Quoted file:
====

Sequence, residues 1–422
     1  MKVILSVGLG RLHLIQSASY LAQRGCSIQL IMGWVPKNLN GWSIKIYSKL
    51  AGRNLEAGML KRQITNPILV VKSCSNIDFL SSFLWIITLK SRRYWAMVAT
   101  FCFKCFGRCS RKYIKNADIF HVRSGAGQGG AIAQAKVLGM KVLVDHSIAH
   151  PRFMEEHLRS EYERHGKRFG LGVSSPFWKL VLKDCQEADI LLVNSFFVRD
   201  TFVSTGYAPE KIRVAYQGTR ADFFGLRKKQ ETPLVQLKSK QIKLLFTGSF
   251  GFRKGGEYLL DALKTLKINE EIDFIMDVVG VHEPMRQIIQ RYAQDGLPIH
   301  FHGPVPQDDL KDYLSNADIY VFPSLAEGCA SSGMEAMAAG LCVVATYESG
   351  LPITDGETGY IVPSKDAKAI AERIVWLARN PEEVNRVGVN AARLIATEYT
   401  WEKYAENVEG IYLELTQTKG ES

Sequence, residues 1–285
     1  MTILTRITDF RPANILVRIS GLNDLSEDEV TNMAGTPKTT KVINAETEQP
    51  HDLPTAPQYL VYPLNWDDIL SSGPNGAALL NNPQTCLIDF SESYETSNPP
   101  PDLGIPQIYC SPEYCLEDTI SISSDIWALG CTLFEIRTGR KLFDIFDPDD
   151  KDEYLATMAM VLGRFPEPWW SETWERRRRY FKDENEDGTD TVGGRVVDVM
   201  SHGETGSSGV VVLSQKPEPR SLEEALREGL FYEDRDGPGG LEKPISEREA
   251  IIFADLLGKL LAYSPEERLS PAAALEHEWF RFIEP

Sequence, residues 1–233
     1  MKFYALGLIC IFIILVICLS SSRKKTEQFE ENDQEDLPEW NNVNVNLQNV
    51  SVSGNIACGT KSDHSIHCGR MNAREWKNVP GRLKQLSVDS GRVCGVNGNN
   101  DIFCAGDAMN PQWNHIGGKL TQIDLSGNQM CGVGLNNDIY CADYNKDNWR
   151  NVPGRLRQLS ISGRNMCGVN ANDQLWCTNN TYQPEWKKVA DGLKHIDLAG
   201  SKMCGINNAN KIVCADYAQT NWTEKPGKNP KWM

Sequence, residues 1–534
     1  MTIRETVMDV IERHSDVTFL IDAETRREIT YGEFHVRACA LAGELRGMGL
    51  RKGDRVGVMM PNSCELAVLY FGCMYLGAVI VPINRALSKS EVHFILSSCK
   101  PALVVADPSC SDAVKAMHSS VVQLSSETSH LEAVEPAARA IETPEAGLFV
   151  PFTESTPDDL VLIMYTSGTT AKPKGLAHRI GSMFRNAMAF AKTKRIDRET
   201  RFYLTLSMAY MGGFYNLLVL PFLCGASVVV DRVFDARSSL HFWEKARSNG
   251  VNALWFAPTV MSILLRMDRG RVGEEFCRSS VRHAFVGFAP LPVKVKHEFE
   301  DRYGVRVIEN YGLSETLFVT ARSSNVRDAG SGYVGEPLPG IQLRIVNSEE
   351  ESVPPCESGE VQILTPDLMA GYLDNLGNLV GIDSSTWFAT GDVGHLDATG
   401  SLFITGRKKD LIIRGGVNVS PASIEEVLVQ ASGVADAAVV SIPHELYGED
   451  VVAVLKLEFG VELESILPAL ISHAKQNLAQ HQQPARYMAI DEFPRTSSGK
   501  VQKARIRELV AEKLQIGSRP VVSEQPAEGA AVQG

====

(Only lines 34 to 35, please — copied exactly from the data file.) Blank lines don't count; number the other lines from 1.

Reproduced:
   451  VVAVLKLEFG VELESILPAL ISHAKQNLAQ HQQPARYMAI DEFPRTSSGK
   501  VQKARIRELV AEKLQIGSRP VVSEQPAEGA AVQG